This object is eligible for a Certificate of BADA Provenance
The custom made ebony case with a caddy top surmounted by a tied bud handle over applied gilt brass foliate mounts, complex entablature moulding and with pierced sound frets to the door and sides; raised on a shallow plinth base and block feet.
The 8-day two-train striking movement with pull-quarter repeat, activated from the right or left side by a pair of steel levers - a noted Tompion feature.
The rectangular dial has two subsidiary dials in the upper corners above the chapter ring: one on the left for rise and fall pendulum adjustment and engraved in Arabic five-minute divisions with an arrow-headed pointer; the other, on the right, with strike/not strike function activated by a steel arrow with brass pommels, with engraved floral motif within each silvered ring.
Winged cherub spandrels are at the lower corners and foliate spandrels are set between the chapter ring and the subsidiary dials., which are flanking a signature cartouche in the center.
The silvered chapter ring with Roman and Arabic numbers and enriched by 'wheat sheaf' half-hour markings and inner quarter-hour markings, all surrounding a finely matted ground with mock pendulum crescent with chamfered edge in the upper ground.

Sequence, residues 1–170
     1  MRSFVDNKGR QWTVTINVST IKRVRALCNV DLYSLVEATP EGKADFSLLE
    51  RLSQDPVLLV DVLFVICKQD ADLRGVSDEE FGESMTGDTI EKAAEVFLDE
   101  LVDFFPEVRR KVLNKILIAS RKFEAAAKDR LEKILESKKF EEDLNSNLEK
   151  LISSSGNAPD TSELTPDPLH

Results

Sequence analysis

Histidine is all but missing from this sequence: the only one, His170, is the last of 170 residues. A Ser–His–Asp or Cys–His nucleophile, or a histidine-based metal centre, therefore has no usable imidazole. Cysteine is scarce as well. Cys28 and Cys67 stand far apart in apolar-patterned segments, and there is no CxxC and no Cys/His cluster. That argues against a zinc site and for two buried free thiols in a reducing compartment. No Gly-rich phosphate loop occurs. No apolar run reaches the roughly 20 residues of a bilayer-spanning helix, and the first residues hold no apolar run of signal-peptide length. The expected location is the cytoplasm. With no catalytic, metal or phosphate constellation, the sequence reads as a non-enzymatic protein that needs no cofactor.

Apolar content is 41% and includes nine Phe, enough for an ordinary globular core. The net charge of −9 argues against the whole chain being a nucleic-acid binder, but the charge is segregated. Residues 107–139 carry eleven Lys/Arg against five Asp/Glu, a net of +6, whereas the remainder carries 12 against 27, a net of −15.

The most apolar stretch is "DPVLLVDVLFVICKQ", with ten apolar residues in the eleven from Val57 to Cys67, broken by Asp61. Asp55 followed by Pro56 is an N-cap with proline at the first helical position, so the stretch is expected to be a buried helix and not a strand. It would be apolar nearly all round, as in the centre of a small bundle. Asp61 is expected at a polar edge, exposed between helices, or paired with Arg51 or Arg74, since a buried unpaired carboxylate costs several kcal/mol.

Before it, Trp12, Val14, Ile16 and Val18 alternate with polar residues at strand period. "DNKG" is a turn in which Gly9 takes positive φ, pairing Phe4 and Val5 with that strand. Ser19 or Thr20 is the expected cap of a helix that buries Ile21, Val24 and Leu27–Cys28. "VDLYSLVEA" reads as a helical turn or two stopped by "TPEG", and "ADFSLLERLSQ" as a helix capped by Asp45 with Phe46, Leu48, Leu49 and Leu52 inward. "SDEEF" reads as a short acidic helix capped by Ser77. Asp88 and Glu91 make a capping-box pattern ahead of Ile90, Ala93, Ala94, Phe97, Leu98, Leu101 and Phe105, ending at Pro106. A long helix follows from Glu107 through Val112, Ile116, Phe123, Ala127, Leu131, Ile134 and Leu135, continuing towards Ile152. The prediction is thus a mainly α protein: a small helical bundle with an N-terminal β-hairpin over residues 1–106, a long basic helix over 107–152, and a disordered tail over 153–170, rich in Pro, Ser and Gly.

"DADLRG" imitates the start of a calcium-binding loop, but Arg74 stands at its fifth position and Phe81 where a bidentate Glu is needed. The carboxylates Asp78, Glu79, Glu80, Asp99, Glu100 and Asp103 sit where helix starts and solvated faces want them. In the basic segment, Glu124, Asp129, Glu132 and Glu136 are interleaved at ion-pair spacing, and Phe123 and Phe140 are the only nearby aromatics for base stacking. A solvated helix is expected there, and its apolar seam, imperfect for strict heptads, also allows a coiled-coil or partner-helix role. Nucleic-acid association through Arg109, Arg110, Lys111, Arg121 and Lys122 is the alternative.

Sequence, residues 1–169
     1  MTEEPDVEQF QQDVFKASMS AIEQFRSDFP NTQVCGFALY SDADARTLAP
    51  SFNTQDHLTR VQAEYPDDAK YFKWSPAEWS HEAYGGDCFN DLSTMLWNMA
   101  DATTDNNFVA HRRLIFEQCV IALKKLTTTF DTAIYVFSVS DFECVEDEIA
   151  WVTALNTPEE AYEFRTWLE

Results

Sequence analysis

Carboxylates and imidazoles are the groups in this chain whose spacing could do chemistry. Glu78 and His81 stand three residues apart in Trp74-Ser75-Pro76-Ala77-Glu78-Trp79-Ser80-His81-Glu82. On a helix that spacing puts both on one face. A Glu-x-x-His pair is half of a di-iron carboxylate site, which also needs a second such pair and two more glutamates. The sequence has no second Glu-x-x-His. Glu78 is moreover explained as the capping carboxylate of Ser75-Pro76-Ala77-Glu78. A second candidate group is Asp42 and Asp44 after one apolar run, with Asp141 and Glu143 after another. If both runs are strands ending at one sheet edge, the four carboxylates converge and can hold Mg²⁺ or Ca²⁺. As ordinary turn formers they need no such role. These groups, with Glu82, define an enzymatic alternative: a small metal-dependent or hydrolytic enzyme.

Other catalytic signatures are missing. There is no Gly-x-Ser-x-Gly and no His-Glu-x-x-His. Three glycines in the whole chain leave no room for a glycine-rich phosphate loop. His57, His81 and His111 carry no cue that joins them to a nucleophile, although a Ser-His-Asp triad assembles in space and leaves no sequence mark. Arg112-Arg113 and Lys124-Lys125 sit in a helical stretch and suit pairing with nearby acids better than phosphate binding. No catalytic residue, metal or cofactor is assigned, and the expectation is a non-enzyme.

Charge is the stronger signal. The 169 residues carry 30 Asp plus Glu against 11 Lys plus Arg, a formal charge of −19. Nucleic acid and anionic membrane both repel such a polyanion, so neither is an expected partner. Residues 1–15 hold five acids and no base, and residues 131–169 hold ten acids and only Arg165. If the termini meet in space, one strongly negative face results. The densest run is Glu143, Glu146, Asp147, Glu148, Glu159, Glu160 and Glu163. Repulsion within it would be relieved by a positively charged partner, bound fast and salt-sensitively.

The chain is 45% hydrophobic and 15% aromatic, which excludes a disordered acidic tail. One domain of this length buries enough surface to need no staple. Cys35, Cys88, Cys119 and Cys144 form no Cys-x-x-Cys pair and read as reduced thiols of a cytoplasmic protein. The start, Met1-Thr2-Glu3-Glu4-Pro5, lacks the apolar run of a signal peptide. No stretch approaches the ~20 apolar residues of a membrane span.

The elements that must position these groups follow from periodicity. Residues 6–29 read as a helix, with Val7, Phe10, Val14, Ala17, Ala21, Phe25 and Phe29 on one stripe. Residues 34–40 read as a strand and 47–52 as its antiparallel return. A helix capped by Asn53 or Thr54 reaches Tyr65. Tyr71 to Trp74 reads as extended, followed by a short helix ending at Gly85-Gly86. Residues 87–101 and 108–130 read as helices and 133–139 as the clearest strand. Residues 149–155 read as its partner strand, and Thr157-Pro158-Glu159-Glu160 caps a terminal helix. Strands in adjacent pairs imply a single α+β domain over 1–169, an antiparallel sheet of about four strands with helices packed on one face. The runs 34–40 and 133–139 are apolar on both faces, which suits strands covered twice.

The blued steel hands are characteristic of Tompion's work. The dial plate secured by latched dial feet.
The backplate is profusely engraved with scrolling leaf sprays and centers an oval with Tompion's signature, "Thomas Tompion / Londini / Fecit".
Thomas Tompion is regarded as the finest of English Clockmakers. He was born in Ickwell Green, Bedfordshire in 1639 and moved to London Circa 1670.
There he met Dr. Robert Hooke, the famous scientist, architect and mathematician who first mentions Tompion in his diaries in April 1674, the same month that Tompion became free of the Clockmakers Company.
Hooke brought him to the attention of Charles II who was an early horological enthusiast and Tompion supplied a spring watch to The King in 1675. Further highly important Royal and Noble commissions were to follow and in 1703 he became Master of the Clockmakers' Company.
Tompion began his numbering system in the early 1680s and it was carried on after his death in 1714 by his business partner and fellow innovator, George Graham. They are both buried in Westminster Abbey.